28 And of course there is the now infamous Leigh Sales interview where beyond any doubt he lied three times and continued to do so the next day.

29 Then there was his statement that the Aboriginal tent embassy at Parliament House be closed. To call his statement an error in judgement is to kind. It almost sounded like an incitement to riot.

30 He is quoted as saying in the Parliament that Prime Minister Gillard and Minister Albanese had targets on their heads. He later apologised.

31 And of course there is also the lie about asylum seekers being illegal.

32 Added to that is his statement that the PM refused to lay down and die.

I think I have exhausted it all but I cannot be sure. Oh wait. Lest we forget.

33 We should not leave out his insensitive comments about the attempted suicide of John Brogden.

34 And the deliberate lie he told to the Australian Minerals Council that the Chinese intended increasing their emissions by 500 per cent.

35 His ‘dying of shame’ comment.

36 His ‘lack of experience in raising children’ comment.

37 His ‘make an honest women of herself’ comment.

38 His ‘no doesn’t mean no’ comment.

Then of course there were these Tonyisms. Similar ones have continued into his Prime Ministership.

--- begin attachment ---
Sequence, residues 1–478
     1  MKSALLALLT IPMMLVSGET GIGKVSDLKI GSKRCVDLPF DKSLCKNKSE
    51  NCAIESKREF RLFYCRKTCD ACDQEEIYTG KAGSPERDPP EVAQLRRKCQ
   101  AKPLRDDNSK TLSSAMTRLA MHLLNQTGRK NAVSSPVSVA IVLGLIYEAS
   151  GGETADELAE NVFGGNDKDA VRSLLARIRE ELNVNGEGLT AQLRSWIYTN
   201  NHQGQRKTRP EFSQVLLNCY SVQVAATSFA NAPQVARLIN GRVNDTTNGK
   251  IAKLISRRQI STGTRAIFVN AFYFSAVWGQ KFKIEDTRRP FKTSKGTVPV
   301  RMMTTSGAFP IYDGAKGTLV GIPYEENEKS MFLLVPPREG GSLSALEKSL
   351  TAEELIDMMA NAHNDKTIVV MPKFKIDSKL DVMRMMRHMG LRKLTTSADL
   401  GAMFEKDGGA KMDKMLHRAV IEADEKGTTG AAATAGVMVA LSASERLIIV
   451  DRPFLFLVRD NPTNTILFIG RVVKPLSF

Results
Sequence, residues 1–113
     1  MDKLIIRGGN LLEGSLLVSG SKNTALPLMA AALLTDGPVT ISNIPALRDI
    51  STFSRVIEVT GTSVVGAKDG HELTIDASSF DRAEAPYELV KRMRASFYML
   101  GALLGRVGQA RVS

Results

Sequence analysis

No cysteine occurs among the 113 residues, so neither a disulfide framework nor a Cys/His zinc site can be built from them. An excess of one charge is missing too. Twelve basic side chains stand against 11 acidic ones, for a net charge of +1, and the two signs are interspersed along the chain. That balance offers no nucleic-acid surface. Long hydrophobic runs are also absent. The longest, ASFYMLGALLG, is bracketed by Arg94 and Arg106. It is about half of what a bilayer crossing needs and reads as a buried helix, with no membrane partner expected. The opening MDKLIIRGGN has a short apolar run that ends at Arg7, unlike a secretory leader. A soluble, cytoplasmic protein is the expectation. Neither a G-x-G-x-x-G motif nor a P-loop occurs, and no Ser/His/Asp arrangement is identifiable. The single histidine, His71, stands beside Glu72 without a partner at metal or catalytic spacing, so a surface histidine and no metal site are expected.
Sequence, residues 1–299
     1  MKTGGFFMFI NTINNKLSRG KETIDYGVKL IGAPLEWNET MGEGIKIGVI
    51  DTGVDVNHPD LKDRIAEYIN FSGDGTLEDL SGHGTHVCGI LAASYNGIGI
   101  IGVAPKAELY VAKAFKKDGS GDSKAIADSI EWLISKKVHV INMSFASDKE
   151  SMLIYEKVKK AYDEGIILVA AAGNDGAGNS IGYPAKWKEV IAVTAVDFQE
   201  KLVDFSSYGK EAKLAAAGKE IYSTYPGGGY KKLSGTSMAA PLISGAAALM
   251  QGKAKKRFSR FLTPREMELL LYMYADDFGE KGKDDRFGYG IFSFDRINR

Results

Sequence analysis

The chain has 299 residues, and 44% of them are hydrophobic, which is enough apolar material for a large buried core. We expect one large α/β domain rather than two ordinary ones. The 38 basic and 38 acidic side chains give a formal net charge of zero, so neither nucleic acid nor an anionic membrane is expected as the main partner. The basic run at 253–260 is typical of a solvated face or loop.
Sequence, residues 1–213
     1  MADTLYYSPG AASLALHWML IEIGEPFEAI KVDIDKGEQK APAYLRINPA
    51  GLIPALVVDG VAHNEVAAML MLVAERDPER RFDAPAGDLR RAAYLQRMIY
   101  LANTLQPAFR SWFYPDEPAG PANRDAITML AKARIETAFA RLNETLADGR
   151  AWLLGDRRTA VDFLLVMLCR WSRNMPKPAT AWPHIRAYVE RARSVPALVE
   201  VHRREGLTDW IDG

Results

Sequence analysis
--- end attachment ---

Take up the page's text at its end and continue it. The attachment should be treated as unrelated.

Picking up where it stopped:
Lest we forget.

39 ‘Jesus knew that there was a place for everything and it’s not necessarily everyone’s place to come to Australia’.

40 ‘These people aren’t so much seeking asylum, they’re seeking permanent residency. If they were happy with temporary protection visas, then they might be able to argue better that they were asylum seekers’.

On rights at work:

41 ‘If we’re honest, most of us would accept that a bad boss is a little bit like a bad father or a bad husband … you find that he tends to do more good than harm. He might be a bad boss but at least he’s employing someone while he is in fact a boss’.

On women:

42 ‘The problem with the Australian practice of abortion is that an objectively grave matter has been reduced to a question of the mother’s convenience’.